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SELECT TOP (1000) [company_id]
      ,[company_name]
      ,[caption]
      ,[address1]
      ,[address2]
      ,[mobileno]
      ,[email]
      ,[gstn]
      ,[CloudApi]
      ,[username]
      ,[password]
      ,[selectusertype]
      ,[uploadlogo]
      ,[activationkey]
  FROM [New_Restaurant_Application].[dbo].[add_profile]


What I have tried:

private void SignIn_Click(object sender, RoutedEventArgs e)
        {

            if (isValid())
            {
                SqlConnection conn = new SqlConnection(ConnectionString);
                conn.Open();
                //SqlCommand cmd = new SqlCommand("add_profile_details", conn);
                SqlDataAdapter sda = new SqlDataAdapter("SELECT username ='" + txtUsername.Text + "', password ='" + txtpassword.Password + "' , selectusertype = '"+cmboSelectusertype.Text+ "' from add_profile", conn);
                DataTable dt = new DataTable();  
                sda.Fill(dt);
                if (dt.Rows[0][0].ToString() == "")
                {
                    refresh();
                    Employee emp = new Employee();
                    emp.ShowDialog();
                }
                else
                {
                    MessageBox.Show("Invalid username or password");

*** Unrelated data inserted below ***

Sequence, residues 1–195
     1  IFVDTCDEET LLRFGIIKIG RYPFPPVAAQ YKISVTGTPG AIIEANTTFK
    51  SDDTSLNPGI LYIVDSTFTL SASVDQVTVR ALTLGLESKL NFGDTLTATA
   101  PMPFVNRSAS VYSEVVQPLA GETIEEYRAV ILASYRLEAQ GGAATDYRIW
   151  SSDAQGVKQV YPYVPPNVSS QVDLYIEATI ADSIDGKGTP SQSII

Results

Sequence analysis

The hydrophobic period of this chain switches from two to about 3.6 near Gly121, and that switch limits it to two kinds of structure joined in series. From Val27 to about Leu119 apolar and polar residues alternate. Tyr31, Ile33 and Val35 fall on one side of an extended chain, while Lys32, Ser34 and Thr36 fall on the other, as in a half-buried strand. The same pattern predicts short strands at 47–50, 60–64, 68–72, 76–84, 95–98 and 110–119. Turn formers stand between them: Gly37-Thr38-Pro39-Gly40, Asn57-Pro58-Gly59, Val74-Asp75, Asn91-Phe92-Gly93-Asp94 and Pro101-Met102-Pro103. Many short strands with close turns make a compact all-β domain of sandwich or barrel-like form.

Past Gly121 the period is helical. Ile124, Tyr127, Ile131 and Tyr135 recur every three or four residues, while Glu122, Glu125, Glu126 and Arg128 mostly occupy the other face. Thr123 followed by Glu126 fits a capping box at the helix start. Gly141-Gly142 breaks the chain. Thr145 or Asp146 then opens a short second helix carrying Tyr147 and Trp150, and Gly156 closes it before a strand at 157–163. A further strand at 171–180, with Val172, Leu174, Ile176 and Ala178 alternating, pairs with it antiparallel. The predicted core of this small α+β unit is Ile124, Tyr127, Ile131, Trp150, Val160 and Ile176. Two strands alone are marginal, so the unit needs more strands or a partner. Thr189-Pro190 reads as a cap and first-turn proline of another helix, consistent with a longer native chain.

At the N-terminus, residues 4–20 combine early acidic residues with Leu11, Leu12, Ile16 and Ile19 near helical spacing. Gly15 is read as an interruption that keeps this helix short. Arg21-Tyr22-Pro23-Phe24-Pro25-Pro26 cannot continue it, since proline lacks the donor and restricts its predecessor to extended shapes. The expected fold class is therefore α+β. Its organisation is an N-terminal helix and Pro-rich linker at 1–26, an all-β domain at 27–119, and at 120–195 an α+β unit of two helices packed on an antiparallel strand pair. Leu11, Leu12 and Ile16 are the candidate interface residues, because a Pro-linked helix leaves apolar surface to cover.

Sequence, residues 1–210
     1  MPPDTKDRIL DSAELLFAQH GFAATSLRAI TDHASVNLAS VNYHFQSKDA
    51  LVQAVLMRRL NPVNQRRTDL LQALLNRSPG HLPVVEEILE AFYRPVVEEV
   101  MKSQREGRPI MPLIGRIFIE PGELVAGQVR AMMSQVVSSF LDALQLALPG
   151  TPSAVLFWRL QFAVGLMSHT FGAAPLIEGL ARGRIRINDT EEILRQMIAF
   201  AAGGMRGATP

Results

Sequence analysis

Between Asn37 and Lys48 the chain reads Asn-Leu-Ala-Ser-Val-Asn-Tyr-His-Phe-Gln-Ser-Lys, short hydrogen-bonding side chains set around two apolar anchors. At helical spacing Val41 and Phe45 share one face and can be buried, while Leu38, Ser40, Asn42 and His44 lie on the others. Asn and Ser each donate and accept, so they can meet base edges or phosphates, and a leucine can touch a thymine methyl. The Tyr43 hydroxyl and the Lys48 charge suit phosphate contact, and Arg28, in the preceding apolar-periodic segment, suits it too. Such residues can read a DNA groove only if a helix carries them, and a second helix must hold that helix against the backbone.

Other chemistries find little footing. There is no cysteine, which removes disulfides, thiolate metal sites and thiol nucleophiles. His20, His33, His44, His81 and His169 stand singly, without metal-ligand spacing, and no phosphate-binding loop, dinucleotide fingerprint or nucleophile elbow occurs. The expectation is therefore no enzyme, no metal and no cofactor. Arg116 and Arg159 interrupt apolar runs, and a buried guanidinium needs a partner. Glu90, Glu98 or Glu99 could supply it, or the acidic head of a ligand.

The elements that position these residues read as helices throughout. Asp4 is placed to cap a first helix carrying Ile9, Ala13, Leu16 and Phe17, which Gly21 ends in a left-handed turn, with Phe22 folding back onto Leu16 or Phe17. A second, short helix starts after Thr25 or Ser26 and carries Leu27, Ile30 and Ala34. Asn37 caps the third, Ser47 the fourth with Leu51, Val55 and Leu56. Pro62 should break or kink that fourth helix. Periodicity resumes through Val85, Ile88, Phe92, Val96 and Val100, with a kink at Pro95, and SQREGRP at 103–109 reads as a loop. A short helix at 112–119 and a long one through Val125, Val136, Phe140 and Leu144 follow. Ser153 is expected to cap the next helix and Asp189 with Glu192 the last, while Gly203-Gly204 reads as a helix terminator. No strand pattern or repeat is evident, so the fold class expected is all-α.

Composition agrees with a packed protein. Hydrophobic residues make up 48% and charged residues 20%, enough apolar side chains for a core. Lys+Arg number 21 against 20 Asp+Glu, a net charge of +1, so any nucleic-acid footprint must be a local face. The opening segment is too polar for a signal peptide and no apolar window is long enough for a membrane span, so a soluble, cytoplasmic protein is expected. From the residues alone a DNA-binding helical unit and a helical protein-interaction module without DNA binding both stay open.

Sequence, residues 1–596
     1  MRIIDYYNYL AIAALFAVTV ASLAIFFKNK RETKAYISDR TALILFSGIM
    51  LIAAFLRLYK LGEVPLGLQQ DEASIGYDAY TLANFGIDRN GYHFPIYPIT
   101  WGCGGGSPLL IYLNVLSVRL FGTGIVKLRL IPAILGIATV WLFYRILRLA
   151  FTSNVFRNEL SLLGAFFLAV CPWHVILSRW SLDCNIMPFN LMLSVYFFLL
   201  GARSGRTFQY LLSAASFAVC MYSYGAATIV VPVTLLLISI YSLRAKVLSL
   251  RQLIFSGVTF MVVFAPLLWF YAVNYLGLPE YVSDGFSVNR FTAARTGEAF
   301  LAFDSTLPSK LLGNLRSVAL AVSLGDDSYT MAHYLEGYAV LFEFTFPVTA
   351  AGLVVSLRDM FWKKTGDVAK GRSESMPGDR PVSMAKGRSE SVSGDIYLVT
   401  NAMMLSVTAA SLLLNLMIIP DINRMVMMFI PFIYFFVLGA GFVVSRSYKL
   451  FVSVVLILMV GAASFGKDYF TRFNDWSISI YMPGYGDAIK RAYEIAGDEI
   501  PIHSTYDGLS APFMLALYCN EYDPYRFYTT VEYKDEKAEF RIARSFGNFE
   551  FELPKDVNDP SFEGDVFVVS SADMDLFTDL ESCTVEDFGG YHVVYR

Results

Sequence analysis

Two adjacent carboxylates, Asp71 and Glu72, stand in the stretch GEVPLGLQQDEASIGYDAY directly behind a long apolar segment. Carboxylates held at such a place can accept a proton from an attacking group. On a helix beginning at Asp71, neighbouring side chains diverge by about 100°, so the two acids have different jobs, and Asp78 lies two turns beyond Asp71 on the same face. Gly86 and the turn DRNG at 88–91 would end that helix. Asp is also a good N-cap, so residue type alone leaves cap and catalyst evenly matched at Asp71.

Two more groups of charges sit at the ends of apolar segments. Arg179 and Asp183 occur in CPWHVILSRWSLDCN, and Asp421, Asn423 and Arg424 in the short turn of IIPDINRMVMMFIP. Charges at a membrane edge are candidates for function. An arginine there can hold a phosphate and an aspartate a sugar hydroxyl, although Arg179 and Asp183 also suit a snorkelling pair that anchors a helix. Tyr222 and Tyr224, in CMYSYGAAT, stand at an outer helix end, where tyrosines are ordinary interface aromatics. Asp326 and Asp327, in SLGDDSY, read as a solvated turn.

}
            }
Posted
Updated 2-Sep-22 4:21am

1 solution

Don't do it like that.
Never concatenate strings to build a SQL command. It leaves you wide open to accidental or deliberate SQL Injection attack which can destroy your entire database. Always use Parameterized queries instead.

When you concatenate strings, you cause problems because SQL receives commands like:
SQL
SELECT * FROM MyTable WHERE StreetAddress = 'Baker's Wood'
The quote the user added terminates the string as far as SQL is concerned and you get problems. But it could be worse. If I come along and type this instead: "x';DROP TABLE MyTable;--" Then SQL receives a very different command:
SQL
SELECT * FROM MyTable WHERE StreetAddress = 'x';DROP TABLE MyTable;--'
Which SQL sees as three separate commands:
SQL
SELECT * FROM MyTable WHERE StreetAddress = 'x';
A perfectly valid SELECT
SQL
DROP TABLE MyTable;
A perfectly valid "delete the table" command
SQL
--'
And everything else is a comment.
So it does: selects any matching rows, deletes the table from the DB, and ignores anything else.

So ALWAYS use parameterized queries! Or be prepared to restore your DB from backup frequently. You do take backups regularly, don't you?
 
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Comments
Richard MacCutchan 2-Sep-22 9:50am    
And a clear text password.

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